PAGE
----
Investigators conducting biomedical research frequently develop unique research resources. Categories of these resources include synthetic compounds, organisms, cell lines, viruses, cell products, and cloned DNA as well as DNA sequences, mapping information, crystallographic coordinates, and spectroscopic data. Specific examples include specialized and/or genetically defined cells, including normal and diseased human cells; monoclonal antibodies; hybridoma cell lines; microbial cells and products; viruses and viral products; recombinant nucleic acid molecules; DNA probes; nucleic acid and protein sequences; certain types of animals such as transgenic mice; and intellectual property such as computer programs.
It is the policy of PHS to make available to the public the results and accomplishments of the activities that it funds. Restricted availability of unique resources upon which further studies are dependent can impede the advancement of research and the delivery of medical care. Therefore, when these resources are developed with PHS funds and the associated research findings have been published or after they have been provided to the agencies under contract, it is important that they be made readily available for research purposes to qualified individuals within the scientific community. This policy applies to grants, cooperative agreements, and contracts.
Investigators who believe that they will be unable to implement this policy should promptly contact the appropriate PHS Program Administrator to discuss the circumstances, obtain information that might facilitate compliance with the policy, and reach an understanding in advance of the subsequent award. In order to facilitate the availability of unique or novel biological materials and resources developed with PHS funds, investigators may distribute the materials through their own laboratory or institution or submit them, if appropriate, to entities such as the American Type Culture Collection or other repositories. In the case of unique biological information such as DNA sequences or crystallographic coordinates, investigators are expected to submit them to the appropriate data banks, because they otherwise are not truly accessible to the scientific community. When distributing unique resources, investigators are to include pertinent information on the nature, quality, or characterization of the materials.
Investigators must exercise great care to ensure that resources involving human cells or tissues do not identify original donors or subjects, directly or through identifiers such as codes linked to the donors or subjects.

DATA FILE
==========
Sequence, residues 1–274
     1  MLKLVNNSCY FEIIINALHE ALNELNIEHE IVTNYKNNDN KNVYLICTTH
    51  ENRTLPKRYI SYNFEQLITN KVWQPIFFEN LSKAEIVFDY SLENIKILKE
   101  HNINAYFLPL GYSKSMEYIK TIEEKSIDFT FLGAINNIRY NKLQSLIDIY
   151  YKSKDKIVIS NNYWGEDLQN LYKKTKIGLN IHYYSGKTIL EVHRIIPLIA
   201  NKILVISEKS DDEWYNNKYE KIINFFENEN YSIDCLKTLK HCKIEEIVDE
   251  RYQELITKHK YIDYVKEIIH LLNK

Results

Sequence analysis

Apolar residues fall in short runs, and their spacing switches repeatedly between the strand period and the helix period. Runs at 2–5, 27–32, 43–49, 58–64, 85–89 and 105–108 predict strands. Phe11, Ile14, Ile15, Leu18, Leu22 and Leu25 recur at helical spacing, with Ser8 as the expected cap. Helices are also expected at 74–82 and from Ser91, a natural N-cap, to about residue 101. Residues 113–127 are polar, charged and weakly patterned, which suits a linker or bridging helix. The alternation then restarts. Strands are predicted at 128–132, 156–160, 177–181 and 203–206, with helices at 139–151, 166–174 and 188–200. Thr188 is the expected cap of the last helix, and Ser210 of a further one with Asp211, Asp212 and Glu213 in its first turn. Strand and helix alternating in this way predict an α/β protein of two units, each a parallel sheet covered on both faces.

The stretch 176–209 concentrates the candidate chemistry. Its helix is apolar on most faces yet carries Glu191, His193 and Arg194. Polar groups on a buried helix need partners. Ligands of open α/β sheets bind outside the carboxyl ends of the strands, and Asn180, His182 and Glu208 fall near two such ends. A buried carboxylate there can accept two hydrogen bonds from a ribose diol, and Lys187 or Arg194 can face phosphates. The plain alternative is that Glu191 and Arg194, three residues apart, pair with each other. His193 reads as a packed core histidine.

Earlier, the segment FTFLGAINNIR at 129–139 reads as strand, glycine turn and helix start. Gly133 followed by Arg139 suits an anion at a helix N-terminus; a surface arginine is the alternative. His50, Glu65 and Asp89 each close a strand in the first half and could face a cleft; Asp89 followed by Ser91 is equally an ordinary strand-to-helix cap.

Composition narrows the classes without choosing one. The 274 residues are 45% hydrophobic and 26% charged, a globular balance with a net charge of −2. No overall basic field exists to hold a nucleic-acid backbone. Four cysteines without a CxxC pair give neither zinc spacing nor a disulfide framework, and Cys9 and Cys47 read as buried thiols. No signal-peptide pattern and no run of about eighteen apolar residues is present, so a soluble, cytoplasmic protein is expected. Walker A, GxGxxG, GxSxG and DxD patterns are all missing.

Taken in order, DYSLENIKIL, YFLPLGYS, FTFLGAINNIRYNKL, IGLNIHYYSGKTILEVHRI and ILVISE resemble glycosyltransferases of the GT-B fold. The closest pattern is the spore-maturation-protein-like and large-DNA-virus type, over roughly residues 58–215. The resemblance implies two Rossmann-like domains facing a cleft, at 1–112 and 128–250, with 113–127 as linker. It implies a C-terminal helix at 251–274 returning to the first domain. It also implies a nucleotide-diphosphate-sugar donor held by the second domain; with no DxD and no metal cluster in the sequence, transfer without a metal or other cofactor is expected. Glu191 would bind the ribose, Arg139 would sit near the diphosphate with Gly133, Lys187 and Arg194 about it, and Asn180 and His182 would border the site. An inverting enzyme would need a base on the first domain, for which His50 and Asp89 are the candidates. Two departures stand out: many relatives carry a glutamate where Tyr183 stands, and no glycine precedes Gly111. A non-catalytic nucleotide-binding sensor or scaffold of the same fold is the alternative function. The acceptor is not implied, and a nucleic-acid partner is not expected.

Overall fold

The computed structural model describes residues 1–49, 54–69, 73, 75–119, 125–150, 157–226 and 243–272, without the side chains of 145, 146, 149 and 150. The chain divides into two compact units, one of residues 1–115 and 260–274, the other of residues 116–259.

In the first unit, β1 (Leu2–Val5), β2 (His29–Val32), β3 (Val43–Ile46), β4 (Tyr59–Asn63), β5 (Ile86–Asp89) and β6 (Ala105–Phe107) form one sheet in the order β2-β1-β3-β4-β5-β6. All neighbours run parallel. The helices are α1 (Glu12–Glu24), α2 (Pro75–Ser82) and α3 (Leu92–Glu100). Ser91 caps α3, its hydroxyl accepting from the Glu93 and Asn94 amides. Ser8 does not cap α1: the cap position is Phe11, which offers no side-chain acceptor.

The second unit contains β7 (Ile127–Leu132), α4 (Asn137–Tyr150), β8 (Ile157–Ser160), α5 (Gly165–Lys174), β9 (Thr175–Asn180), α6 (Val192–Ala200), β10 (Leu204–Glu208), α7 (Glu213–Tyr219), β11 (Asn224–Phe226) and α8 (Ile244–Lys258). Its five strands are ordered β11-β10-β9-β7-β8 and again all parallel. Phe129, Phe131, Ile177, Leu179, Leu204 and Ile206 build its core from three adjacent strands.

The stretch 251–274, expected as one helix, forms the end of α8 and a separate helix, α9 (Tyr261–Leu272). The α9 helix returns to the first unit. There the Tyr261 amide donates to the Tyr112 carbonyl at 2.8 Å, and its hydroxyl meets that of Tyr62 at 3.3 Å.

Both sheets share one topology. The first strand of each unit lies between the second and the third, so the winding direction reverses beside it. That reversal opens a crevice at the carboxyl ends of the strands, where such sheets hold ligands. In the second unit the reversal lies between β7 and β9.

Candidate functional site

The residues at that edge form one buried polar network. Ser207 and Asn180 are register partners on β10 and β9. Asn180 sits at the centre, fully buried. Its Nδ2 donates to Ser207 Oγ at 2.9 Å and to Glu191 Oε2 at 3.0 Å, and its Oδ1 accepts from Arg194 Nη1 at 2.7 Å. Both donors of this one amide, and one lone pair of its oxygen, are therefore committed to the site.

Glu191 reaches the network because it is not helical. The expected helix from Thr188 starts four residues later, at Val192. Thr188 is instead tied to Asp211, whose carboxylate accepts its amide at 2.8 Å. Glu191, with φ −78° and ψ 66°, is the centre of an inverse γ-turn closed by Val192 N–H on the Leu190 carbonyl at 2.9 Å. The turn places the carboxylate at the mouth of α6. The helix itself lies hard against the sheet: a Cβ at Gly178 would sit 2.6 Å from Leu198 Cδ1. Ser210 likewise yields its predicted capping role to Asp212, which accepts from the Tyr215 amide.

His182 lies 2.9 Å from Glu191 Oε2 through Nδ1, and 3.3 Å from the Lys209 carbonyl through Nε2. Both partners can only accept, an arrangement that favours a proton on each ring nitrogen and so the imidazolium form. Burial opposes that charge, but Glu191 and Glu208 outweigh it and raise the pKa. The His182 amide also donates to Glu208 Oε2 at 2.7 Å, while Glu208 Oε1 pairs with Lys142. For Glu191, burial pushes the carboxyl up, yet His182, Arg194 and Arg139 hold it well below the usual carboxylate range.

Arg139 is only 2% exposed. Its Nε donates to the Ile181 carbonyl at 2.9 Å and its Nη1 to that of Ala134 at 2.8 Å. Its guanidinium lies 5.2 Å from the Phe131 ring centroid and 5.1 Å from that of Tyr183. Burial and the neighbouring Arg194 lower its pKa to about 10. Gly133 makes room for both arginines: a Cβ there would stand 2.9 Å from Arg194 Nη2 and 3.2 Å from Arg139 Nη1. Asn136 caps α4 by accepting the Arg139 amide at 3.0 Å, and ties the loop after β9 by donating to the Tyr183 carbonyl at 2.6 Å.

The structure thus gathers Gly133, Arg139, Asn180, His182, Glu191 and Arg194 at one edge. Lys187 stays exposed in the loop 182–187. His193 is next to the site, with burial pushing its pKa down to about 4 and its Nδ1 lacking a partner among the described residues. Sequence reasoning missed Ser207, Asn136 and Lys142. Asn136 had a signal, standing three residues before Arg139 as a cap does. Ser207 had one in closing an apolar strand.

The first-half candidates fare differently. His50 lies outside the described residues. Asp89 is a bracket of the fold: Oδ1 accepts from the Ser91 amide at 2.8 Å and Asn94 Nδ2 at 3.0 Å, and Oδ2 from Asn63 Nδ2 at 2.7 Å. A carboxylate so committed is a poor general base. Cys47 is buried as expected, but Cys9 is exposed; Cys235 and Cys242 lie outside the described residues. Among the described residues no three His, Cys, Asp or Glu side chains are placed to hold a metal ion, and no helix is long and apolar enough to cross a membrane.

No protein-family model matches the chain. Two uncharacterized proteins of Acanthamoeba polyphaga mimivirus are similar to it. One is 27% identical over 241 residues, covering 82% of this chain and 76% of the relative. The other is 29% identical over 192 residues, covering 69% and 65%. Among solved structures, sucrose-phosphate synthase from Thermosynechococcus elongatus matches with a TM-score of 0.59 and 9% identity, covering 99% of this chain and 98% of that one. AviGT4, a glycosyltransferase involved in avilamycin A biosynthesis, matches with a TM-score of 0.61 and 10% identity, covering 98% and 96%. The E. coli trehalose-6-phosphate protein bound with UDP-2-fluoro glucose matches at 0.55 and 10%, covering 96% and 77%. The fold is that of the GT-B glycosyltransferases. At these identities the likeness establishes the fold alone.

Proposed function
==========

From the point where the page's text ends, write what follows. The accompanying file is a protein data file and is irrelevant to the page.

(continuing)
The goal of some programs, e.g., the Human Genome Program, are such that applicants for certain projects may be required to discuss plans for the sharing of data and materials in their applications. These plans will undergo review by program staff and any applicable national advisory council prior to award.
Institutions and investigators may charge the requester, if necessary, for the reasonable cost of production of unique biological materials and for packaging and shipping. Such costs may include personnel, supplies, and other directly related expenses. Investigators should note, however, that such a charge accrues as general program income. This should not be an impediment to the distribution of materials, but investigators and institutions are advised that, for grants and cooperative agreements, the income is governed by 45 CFR Parts 74 and 92 and must be reported on the FSR. Questions regarding these policies and the treatment of income should be directed to the awarding office GMO.
Federal policy encourages the commercialization of the products of research developed as a consequence of Federal funding; therefore, the intent of this policy is not to discourage, impede, or prohibit the organization that develops unique research resources or intellectual property from commercializing the products. Investigators may make their materials available to others with appropriate restrictions and licensing terms as they and their institutions deem necessary.
Institutions are reminded that some of these products may be inventions subject to the various laws and regulations applicable to patents and need to be reported . The terms for licensing of unpatented research products such as cell lines, monoclonal antibodies, and other materials and products should generally be no more restrictive than would have been the case had they been patented, for example, only if there is full public disclosure of the invention/discovery availability through a repository, and written agreement to end all fees and constraints after 17 years. When reporting is required, it should occur at the earliest possible time. (See Public Law 96-517, Public Law 98-620, and 37 CFR Part 401.)